On This Day In F1 - McLaren Publicly Apologises For Spygate

On This Day In F1 - McLaren Publicly Apologises For Spygate

A look back at what happened on 13 December in Formula 1 history

News
After a tumultuous few months during the Spygate saga resulted in McLaren losing the drivers’ title, being disqualified from the constructors’ championship, Fernando Alonso leaving the team, and a whopping $100 million fine, the whole sorry charade was brought to a close when the team made a formal apology. The statement read:

“McLaren wish to make a public apology to the FIA, Ferrari, the Formula 1 community and to Formula 1 fans throughout the world. Changes are now being made which will ensure that nothing comparable to what has taken place will ever happen again.”

“McLaren greatly regrets that its own investigations did not identify this material and has written to the World Motor Sport Council to apologise for this. McLaren has also written to the World Motor Sport Council to apologise that it has taken an FIA investigation to find this information and have expressed our deep regret that our understanding of the facts was improved as a result of the FIA inspection rather than our own investigations.”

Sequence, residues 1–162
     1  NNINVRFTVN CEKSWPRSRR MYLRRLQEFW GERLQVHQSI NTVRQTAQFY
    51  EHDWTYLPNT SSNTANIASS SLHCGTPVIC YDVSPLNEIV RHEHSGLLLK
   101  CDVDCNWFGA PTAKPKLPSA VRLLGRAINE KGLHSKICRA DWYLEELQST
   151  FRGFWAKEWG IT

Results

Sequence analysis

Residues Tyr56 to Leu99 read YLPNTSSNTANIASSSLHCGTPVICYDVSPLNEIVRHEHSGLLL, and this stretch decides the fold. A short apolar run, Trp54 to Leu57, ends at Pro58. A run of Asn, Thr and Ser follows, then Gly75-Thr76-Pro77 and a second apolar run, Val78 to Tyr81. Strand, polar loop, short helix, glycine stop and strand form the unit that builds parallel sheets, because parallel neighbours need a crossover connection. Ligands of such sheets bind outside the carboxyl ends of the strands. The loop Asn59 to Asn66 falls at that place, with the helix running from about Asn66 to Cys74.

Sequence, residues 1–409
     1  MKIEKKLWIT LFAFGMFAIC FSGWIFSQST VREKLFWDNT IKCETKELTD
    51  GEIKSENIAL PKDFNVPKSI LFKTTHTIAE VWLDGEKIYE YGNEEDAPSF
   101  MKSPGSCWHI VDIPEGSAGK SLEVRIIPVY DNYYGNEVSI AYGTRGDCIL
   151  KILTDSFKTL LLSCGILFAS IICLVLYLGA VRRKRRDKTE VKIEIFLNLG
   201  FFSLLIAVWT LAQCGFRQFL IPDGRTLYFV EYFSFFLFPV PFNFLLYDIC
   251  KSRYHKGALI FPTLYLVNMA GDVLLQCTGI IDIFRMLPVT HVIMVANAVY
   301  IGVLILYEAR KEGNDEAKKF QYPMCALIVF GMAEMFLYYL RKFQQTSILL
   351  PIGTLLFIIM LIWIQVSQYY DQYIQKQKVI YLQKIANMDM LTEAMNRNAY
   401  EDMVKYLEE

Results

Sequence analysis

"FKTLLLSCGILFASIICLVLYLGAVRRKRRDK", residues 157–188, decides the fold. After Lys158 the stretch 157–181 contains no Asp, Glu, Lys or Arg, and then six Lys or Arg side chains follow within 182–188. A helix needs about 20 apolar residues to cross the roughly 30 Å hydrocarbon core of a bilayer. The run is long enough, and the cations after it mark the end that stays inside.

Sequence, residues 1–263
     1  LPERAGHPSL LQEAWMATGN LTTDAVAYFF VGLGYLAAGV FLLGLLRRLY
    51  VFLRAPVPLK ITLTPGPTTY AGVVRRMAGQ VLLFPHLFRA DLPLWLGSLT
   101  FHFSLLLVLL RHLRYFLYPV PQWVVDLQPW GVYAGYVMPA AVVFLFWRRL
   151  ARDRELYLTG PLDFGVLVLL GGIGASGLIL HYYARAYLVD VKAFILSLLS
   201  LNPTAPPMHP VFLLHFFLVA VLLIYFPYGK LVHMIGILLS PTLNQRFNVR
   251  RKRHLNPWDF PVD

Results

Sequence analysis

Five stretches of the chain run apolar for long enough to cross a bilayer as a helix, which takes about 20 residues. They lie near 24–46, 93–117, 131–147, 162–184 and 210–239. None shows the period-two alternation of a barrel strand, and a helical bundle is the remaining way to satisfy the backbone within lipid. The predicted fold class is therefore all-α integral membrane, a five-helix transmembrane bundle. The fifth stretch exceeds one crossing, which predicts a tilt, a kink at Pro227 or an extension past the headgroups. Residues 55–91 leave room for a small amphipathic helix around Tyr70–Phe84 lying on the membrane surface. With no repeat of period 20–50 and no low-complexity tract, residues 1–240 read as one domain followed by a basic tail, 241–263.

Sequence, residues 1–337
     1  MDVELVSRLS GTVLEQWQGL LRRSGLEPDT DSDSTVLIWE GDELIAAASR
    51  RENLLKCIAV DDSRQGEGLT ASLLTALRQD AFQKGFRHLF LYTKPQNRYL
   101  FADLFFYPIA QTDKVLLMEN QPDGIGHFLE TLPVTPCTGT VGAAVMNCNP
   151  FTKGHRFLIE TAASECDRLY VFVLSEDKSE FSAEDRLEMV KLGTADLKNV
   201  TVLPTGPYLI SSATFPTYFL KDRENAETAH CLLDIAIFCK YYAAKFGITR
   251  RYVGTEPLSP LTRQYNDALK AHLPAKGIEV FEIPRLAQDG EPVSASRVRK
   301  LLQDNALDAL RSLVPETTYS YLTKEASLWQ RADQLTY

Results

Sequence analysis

(c) Rob Snell/Creative Commons
(c) Rob Snell/Creative Commons

As apologies go, it was a rather timely one. The FIA was set to decide whether or not the team would incur a points penalty in 2008 as well, just in case the car was designed using any of the illegal Ferrari data. However, FIA president Max Mosley was satisfied enough by McLaren’s apology that he cancelled further inquiries.

Birthdays
Aussie driver Brian McGuire (born 1945) entered his own car - the McGuire BM1 (basically a re-badged Williams chassis) - in the 1977 British GP, but failed to make it past pre-qualifying in the 36-car strong entry. That would sadly prove to be his only attempt at making it into a world championship F1 race as he was killed in practice for a round of the British F1 championship at Brands Hatch just a few weeks later.

Top image (c) Mark McArdle/Creative Commons